7. Hi, just wanted to say this is great info, I’m glad someone else has been having similar thoughts to me, and thanks for the link to my photos from Swynnerton (sorry I missed your original comment on there and it’s taken me this long to follow it up!). I know the cathedral well and often wonder what happened to the original sculputres. As you know I’m fairly convinced the original Christ is at Swynnerton, but other medieval figures must have survived in some form. Of the five left on the north tower at least one seems to have been replaced by a Victorian figure, judging by old photos.

    What’s intriguing though is that the entire row of seated kings seemed to survive (as seen in old engravings) but were heavily restored (using mortar apparently!) in the early 1800s and old photos show them looking virtually new; however careful comparison with these old photos and the ‘repopulated’ facade of today suggest these were also replaced by a new set of figures in the 1880s and I have no idea what happened to the originals, so somewhere there must be parts at least of the previous set of kings, but I’ve found no mention of this anywhere.

    I’ve also encountered the statues stored in the central tower but these are not medieval; though they look very archaic they actually date from c1840 (by a sculptor named Armstrong) and can be seen in some old photos above the south transept door, only to be replaced in Scott’s restoration in the 1880s with the present row of bishops. Of the original seven seen in photos 6 are up there (Mary is in bits but the others more or less complete) except the figure of a bishop (presumably St Chad) who must also be lurking somewhere else, in some cellar or garden, awaiting discovery! Can’t find any pics of this online, but there are some and good information on Lichfield in a book by Gerald Cobb called ‘English Cathedrals: the Forgotten Centuries’ which is worth tracking down (even has a Lichfield old-photo-montage cover!).

    Sorry to ramble on there, but good to know someone’s on the case, happy hunting! 🙂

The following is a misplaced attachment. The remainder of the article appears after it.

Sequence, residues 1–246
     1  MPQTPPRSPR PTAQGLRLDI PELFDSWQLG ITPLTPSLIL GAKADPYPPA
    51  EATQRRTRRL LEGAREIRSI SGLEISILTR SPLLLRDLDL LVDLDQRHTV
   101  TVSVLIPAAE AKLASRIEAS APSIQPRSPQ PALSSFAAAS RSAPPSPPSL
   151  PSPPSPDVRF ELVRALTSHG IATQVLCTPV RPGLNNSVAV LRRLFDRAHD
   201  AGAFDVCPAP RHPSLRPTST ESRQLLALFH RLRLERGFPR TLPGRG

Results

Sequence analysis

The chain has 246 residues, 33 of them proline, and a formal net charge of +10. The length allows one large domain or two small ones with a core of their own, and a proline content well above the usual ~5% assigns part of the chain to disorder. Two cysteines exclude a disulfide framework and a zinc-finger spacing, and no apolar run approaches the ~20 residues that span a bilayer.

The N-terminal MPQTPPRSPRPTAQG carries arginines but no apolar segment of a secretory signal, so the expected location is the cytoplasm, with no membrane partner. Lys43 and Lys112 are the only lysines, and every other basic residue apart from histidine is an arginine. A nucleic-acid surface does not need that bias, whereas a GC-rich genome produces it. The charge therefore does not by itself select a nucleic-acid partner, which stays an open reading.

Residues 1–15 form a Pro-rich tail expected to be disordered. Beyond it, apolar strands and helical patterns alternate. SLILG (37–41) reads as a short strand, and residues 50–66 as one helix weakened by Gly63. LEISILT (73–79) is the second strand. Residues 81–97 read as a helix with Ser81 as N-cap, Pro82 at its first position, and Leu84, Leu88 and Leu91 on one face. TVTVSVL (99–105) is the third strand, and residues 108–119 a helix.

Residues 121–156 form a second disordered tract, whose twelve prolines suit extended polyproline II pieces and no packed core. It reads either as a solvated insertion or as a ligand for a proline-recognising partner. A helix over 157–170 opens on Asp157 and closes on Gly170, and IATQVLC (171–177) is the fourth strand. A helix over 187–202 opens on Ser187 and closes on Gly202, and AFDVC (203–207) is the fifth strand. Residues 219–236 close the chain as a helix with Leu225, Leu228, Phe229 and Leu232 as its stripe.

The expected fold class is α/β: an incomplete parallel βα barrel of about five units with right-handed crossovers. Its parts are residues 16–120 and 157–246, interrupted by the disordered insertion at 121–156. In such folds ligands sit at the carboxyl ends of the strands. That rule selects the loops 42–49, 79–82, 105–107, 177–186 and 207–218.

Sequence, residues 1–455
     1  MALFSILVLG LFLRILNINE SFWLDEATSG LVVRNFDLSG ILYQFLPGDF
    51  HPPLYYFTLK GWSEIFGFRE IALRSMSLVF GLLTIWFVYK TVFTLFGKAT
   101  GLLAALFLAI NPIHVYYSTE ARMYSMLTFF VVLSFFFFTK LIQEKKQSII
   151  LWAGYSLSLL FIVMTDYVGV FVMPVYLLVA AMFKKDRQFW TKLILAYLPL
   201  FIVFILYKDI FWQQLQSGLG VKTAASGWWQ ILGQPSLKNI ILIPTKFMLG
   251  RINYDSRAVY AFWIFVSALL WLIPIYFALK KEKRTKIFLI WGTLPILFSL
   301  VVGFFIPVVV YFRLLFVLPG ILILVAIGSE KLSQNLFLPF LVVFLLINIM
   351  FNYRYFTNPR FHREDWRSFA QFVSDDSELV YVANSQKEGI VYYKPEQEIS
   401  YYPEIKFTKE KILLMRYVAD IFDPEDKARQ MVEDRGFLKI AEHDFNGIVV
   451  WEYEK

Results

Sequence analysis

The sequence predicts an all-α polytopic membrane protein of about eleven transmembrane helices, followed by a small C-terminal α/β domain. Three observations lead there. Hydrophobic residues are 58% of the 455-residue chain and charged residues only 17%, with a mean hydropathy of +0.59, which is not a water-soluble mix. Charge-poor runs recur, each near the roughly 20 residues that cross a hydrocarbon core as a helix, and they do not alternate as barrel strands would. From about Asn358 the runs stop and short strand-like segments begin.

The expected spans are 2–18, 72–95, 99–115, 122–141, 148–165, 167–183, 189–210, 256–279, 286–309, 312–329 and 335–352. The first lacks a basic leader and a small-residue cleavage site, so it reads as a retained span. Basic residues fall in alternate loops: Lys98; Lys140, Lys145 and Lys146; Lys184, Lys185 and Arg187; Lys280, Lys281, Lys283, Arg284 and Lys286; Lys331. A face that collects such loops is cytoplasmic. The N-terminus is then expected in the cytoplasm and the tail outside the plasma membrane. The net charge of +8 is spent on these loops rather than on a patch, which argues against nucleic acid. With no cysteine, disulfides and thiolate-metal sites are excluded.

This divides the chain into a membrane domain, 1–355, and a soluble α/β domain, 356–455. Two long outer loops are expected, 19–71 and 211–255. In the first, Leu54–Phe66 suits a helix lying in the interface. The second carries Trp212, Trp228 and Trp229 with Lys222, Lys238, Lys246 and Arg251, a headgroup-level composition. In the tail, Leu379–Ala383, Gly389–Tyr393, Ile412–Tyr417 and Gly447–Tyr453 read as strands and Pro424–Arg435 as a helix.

• Thank you very much Aidan. You’ve looked at this a lot more thoroughly than I have I agree it is absolutely intriguing and as you say the originals must be somewhere, in part at least! Every time I go into a church now I’ll be looking closely at their statues just in case….. Great to hear that you’ve been into the tower and cleared up what is and isn’t in there. First of all I’m going to try and track down the book as I think I need to do some more reading on this. Once again, thanks for all of your help 🙂


  8. According to Fred Hackwood, the great Staffordshire Historian who died around 1926, the statue of Christ, originally at the West front of Lichfield Cathedral, disappeared during the troubled times of the Commonwealth. It was replaced by a statue of Charles II. Probably taken by Catholics, and eventually traced to Lady Chapel in the parish church at Swinnerton.

    He says the statue is of sandstone, but shows traces of being coloured and guilded. It was replaced in 1880 in the principal niche at the apex of the West front of the Cathedral, Chas II being carefully preserved in the north west tower.

    The Fitzherberts were staunch Catholics, and the place fairly remote, being surrounded by woodlands. The statue was first concealed in the family vault and did not come to light until it had lain for a couple of centuries.